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    Rushing Into Property Purchase Proves Costly

    PLEASE NOTE: Information in this article is correct at the time of publication, please contact DFA Law for current advice on older articles.

    People often complain about the length of time it takes to complete property deals. However, one Court of Appeal case, in which a contract for sale was signed on the spot after only brief consideration, strikingly shows why property purchase is a serious business which warrants careful deliberation. 

    A couple attended a ‘sales fair’ in respect of a large hotel development in which long leases of individual rooms were being marketed. Whilst the woman was looking after their children, the man signed a contract to purchase one of the rooms for £315,000 and paid a £1,000 deposit. Over the following two years, he paid a total of £78,500. However, the sale fell through because he could not raise a mortgage to complete the transaction. The seller retained the sums paid on account.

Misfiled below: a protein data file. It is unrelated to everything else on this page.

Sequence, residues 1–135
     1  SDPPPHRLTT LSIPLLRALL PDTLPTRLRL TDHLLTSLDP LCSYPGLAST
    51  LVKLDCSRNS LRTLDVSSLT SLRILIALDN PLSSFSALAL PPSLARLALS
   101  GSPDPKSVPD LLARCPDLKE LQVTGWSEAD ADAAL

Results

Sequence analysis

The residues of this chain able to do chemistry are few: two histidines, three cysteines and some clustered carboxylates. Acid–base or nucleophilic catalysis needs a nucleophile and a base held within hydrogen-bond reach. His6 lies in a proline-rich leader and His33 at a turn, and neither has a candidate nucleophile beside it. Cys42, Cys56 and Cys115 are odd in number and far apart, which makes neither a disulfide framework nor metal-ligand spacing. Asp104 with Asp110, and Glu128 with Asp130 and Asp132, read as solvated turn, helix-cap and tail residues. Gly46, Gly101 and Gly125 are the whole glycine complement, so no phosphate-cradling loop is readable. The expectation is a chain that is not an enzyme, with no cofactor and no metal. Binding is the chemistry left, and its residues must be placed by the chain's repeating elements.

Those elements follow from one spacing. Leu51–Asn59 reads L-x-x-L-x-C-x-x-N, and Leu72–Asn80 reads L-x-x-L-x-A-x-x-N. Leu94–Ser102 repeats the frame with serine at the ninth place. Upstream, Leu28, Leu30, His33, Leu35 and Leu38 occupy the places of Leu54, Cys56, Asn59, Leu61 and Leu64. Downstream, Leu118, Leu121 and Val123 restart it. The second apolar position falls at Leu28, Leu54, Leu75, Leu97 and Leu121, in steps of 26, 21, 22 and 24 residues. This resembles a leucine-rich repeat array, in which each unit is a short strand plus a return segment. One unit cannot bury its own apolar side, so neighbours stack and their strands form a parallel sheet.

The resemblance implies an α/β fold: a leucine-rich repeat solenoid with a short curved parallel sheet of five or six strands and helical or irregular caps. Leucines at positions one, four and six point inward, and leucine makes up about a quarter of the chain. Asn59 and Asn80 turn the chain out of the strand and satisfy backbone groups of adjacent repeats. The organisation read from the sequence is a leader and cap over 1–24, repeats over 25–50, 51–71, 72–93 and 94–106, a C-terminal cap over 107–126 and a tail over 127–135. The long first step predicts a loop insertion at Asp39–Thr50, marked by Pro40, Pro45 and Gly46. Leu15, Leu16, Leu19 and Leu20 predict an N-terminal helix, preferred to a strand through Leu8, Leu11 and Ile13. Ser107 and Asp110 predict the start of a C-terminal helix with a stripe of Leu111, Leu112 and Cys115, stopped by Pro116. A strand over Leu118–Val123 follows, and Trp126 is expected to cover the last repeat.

The couple launched proceedings to recover the money and, finding in their favour, a judge ruled that the contract was invalid. Although the man had purported to sign it on the woman’s behalf, he had done so without her explicit or implied authority and she had in fact had no knowledge of the transaction. 

    In ruling on the seller’s challenge to that decision, the Court agreed that the woman had neither agreed to, nor impliedly ratified, the man’s conduct in purporting to sign the contract on her behalf. However, in upholding the appeal, the Court found that the contract was binding as against the man. It was expressed to place joint and several obligations on the couple and the man’s agreement to execute it was not conditional on the woman likewise signing it. 

    Mark Brown, head of property at DFA Law, commented that “It is seldom wise to enter into a contract to purchase a property without having done the appropriate legal searches and other due diligence work and without ensuring that any necessary finance is in place.”


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